Since 2018, a land area six times the size of New York City has been destroyed by loggers and miners operating illegally along the Xingu River in Brazil’s Amazon region. The recently cleared land — slashed mainly to make room for cattle ranching and timber collection — is poised to contribute to an especially destructive fire season when combined with a historic drought.

The strongest counterweights to this looming destruction are the dozens of Indigenous and traditional communities who call this land their home. Across the globe, these sorts of communities manage nearly 25 percent of the world’s lands — and those lands are home to about 80 percent of the Earth’s biodiversity, which is a crucial bulwark against climate change.

The COVID-19 pandemic, however, has called attention to the precarity of those who protect these lands as well as their rapidly disappearing ways of life; across the world, Indigenous languages have been threatened with extinction over the past year. Brazil has been particularly hard hit by the virus, experiencing 13 percent of the world’s COVID-19 deaths despite being home to just 2.7 percent of the global population.

Since the coronavirus vaccine was made available to Brazil in March, Indigenous peoples have been vaccinated at a much slower pace than all other groups, which means they still face existential threats from the virus even as they continue to have standoffs with land-grabbers and miners. This dual threat adds to the sense that Brazil’s Indigenous lands are under siege during the presidency of Jair Bolsonaro, who has enabled the development of formerly protected lands in the Amazon.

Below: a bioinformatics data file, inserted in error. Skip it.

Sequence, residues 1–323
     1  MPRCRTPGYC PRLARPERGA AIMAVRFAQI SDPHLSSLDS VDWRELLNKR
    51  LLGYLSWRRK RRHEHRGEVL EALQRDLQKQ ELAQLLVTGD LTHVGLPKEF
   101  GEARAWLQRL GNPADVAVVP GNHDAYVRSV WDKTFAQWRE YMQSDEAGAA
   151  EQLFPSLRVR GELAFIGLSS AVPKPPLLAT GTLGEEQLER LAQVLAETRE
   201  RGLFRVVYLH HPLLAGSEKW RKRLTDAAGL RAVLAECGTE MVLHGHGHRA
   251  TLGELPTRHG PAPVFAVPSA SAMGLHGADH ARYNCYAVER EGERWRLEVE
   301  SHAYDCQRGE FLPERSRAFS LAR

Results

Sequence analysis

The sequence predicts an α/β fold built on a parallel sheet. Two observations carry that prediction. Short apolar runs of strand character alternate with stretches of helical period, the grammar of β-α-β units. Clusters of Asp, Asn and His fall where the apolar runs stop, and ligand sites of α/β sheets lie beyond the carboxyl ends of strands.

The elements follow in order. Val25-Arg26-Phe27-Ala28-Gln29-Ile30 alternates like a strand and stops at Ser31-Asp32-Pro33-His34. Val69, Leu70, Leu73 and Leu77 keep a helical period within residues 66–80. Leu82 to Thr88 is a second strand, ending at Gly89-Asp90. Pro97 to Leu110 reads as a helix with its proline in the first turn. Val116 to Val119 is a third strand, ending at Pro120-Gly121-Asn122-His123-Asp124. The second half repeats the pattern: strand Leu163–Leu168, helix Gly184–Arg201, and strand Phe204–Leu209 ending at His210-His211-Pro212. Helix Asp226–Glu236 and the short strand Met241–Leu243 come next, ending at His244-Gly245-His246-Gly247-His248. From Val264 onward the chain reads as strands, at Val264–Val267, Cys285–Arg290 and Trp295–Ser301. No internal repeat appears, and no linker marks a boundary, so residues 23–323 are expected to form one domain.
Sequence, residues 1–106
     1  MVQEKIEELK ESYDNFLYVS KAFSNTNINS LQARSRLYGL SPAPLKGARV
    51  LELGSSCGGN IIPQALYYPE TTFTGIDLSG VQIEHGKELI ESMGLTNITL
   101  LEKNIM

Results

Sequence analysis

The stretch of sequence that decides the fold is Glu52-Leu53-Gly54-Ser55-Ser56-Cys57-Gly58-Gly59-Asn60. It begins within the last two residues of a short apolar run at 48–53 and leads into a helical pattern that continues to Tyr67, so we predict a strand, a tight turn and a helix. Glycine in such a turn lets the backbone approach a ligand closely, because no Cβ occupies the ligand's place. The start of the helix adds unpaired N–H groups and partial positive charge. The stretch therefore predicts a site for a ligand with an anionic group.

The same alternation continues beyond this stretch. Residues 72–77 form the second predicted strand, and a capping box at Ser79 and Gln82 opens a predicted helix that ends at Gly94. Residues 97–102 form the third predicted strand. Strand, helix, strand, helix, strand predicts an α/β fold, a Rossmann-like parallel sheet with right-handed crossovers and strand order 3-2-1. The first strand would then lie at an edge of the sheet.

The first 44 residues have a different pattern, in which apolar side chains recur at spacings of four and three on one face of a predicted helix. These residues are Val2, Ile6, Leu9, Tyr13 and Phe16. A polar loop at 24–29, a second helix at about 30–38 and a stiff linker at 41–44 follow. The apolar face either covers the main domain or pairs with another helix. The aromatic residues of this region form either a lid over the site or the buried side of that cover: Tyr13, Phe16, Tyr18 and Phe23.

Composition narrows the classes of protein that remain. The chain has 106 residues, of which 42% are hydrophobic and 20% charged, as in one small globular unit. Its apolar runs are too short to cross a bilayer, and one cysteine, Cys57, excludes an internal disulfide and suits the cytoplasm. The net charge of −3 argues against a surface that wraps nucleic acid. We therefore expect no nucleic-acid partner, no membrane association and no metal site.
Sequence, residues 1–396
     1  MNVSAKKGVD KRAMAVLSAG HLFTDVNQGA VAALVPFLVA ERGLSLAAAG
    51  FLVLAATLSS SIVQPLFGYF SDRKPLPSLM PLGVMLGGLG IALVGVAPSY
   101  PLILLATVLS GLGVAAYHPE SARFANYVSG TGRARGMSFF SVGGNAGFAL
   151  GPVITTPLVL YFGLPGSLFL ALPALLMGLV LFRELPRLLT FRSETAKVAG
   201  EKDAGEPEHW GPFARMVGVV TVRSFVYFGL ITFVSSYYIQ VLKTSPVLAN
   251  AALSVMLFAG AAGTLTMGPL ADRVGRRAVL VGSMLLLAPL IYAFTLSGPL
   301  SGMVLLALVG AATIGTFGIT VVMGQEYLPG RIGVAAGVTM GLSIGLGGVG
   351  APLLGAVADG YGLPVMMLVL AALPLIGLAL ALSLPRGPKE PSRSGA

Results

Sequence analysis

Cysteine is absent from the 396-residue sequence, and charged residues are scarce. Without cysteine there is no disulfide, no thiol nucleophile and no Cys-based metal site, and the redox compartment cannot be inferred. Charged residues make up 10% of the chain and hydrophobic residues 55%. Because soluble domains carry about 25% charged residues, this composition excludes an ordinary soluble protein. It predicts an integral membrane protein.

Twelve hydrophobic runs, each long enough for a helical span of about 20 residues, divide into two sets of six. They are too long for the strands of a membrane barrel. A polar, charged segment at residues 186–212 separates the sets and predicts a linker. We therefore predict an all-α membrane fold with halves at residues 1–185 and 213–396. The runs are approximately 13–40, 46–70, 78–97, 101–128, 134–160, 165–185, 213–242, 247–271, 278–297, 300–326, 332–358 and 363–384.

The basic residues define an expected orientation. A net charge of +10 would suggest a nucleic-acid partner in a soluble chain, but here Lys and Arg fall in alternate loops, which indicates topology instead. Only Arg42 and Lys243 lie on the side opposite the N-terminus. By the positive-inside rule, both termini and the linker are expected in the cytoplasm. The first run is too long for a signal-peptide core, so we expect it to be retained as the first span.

But a team of physicians, nurses, and volunteers sponsored by the U.S.-based nonprofit Health In Harmony, or HIH, is trying to combat the slow and potentially deadly pace of the vaccine rollout by offering traditional and Indigenous land protectors a helping hand. On May 27, a team from HIH, Brazil’s Federal University of Pará Medical School, and the Indigenous rights organization Instituto Socioambiental, or ISA, embarked on a three-week journey to more than 70 communities in the vicinity of the Iriri River, Xingu River, and Riozinho do Anfrisio Harvesting Reserve, a land conservation area. The team packed food, water, sleeping bags, and two boats filled with ice and 1,400 doses of the AstraZeneca COVID-19 vaccine. Almost all of those doses made it into arms over the next three weeks.

Read the full article about the COVID-19 vaccine and the Amazon by Adam Mahoney at Grist.